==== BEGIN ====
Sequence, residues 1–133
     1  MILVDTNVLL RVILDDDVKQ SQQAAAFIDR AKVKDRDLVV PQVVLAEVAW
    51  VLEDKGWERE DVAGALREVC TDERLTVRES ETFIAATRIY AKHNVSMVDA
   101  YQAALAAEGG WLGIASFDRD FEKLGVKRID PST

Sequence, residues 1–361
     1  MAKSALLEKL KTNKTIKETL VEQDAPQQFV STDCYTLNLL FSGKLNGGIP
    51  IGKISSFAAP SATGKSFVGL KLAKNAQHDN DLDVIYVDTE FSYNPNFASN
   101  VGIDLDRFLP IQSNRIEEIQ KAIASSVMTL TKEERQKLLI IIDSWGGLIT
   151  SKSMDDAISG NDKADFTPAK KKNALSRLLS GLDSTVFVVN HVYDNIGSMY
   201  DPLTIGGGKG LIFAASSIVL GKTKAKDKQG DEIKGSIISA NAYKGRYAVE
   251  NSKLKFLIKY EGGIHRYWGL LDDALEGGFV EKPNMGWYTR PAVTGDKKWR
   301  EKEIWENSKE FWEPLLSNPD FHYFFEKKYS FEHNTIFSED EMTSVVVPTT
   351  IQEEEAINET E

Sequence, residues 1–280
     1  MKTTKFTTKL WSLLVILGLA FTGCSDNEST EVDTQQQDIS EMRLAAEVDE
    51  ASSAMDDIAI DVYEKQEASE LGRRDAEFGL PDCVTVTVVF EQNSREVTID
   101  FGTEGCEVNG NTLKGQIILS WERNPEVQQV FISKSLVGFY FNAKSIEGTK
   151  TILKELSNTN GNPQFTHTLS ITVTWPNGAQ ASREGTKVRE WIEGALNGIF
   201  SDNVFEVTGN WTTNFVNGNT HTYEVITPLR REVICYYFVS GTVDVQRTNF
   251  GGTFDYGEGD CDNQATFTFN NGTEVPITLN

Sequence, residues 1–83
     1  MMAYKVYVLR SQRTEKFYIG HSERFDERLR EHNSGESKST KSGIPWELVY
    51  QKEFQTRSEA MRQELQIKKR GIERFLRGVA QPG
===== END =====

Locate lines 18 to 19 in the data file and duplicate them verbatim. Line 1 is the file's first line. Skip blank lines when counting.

   151  TILKELSNTN GNPQFTHTLS ITVTWPNGAQ ASREGTKVRE WIEGALNGIF
   201  SDNVFEVTGN WTTNFVNGNT HTYEVITPLR REVICYYFVS GTVDVQRTNF